How Can Sisyphus Be Happy with His Fate?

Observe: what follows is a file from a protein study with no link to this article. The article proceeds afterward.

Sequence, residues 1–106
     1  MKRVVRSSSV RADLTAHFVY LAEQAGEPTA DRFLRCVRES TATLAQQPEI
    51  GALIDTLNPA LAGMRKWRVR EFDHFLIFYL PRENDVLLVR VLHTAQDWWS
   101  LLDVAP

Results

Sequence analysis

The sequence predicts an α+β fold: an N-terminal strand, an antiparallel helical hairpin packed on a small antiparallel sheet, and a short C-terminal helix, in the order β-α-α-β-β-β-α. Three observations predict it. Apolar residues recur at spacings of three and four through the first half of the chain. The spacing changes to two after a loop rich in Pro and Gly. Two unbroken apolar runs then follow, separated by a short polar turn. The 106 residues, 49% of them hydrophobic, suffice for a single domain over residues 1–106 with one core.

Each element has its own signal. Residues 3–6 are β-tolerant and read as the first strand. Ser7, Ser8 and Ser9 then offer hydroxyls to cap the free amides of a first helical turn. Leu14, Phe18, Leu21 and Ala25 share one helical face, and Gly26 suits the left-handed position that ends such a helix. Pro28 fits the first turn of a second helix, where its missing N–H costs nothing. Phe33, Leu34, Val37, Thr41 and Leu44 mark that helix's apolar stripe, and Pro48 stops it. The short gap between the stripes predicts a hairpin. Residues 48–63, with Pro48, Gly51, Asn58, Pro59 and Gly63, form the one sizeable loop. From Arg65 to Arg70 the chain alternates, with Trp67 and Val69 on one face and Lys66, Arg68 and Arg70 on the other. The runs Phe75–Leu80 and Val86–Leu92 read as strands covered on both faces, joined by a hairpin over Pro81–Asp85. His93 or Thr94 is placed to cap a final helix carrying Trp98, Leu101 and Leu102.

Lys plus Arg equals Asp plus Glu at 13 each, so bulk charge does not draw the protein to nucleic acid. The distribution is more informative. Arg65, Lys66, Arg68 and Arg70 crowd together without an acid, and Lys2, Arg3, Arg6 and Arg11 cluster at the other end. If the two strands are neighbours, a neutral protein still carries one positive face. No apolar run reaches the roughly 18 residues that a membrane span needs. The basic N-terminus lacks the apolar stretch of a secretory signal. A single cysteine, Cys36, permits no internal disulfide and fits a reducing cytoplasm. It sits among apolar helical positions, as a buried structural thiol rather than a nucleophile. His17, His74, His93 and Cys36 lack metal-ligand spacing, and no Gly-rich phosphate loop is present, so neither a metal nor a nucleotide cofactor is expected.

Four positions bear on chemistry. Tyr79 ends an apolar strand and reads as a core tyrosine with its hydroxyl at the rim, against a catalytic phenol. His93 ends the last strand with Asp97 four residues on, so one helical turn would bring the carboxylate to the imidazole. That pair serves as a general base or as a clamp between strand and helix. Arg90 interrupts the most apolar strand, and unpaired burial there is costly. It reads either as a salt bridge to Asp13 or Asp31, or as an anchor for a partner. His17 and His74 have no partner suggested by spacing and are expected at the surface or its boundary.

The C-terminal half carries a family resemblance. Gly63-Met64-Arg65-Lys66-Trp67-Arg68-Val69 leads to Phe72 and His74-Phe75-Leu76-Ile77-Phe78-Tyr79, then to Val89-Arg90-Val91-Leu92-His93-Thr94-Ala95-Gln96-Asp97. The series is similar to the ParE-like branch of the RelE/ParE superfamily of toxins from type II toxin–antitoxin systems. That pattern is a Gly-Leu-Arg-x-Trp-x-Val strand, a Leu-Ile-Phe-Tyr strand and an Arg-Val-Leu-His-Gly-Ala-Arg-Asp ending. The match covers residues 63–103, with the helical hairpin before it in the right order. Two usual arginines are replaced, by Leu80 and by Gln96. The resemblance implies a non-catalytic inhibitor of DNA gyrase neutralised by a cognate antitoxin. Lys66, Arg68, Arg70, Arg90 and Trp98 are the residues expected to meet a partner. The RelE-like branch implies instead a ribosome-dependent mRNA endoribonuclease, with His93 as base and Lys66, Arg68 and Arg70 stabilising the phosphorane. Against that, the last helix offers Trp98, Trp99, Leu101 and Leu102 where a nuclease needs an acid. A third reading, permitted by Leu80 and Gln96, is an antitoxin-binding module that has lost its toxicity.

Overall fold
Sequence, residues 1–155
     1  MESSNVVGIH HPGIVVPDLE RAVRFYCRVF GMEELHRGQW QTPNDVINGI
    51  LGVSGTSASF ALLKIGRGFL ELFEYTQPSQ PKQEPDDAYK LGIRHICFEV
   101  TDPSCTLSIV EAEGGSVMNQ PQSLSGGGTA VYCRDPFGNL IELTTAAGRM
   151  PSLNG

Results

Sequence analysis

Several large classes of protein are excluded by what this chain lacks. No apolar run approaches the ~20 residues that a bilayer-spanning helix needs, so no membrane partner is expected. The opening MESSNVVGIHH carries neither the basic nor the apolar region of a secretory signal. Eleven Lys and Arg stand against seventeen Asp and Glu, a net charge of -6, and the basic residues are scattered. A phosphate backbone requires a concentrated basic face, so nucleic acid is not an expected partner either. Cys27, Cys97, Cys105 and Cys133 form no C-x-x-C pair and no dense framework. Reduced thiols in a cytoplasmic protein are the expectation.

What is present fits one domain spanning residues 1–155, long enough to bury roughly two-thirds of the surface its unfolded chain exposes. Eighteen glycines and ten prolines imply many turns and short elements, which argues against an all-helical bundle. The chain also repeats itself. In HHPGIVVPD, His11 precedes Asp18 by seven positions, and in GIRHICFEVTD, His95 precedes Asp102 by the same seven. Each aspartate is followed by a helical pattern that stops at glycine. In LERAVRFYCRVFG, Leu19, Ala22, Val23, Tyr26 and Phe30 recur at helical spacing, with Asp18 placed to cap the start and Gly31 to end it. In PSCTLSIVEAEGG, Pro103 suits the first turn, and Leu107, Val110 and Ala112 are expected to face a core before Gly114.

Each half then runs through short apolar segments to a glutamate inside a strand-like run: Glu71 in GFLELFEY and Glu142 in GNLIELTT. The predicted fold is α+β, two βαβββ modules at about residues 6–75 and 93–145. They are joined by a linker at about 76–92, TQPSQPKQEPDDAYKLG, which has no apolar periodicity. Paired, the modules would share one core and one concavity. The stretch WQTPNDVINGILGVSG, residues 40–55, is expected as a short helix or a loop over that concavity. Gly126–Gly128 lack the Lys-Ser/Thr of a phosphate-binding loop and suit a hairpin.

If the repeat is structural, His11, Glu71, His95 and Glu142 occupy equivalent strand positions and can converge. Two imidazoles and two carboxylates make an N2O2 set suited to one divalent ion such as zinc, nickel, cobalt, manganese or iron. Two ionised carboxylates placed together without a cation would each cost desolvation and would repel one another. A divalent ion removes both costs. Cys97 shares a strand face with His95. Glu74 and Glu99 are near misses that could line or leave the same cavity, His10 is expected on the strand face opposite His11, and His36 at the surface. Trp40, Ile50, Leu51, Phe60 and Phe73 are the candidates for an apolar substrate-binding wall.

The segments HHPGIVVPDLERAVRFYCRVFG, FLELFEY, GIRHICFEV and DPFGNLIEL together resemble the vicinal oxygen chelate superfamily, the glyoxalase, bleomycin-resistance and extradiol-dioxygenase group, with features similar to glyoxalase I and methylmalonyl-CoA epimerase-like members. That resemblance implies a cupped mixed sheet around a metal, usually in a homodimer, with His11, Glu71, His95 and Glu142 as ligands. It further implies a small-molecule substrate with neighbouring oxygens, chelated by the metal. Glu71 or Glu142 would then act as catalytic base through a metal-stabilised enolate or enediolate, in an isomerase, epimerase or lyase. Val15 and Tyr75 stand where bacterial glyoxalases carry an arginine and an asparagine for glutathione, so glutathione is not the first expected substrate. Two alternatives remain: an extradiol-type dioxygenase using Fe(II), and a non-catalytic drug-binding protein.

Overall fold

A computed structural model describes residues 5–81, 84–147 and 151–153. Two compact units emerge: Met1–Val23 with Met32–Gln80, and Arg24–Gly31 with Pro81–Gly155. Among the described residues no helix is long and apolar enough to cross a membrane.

“There is but one truly serious philosophical problem and that is suicide” says Albert Camus in his The Myth of Sisyphus. This is to judge whether life is worth living or not. This is literally a matter of life and death. This emphasizes the most profound question of philosophy in a very radical way, that is; “what is the meaning of life?” Each value system could provide a different answer. Thus the scope of this paper is restricted to a more specific argument which will be a review of Camus’ interpretation of ‘the myth of Sisyphus’ and an analysis of an existence in the world in terms of the Wittgensteinian understanding of ethics. Within this context I will investigate the relationships between concepts such as ‘suicide’, ‘death’ and ‘happiness’ as has been defined or suggested by Camus and Wittgenstein. Then I will investigate whether Sisyphus is happy within the confines of the general question what makes me want to live rather than end my life if the world is meaningless. I think Camus’ absurd man and Wittgenstein’s man who views the world sub specie aeterniare the same. When Sisyphus’s condition is analysed within this sameness then how Sisyphus can be happy seems clear. I think Camus is right to assume that Sisyphus is happy, as both Wittgenstein and Camus suggest, one can see that there is no purpose of existence other than to live and still be happy. Sisyphus is happy not despite his fate but by recognising this fate and renouncing the amenities of life by embracing his fate.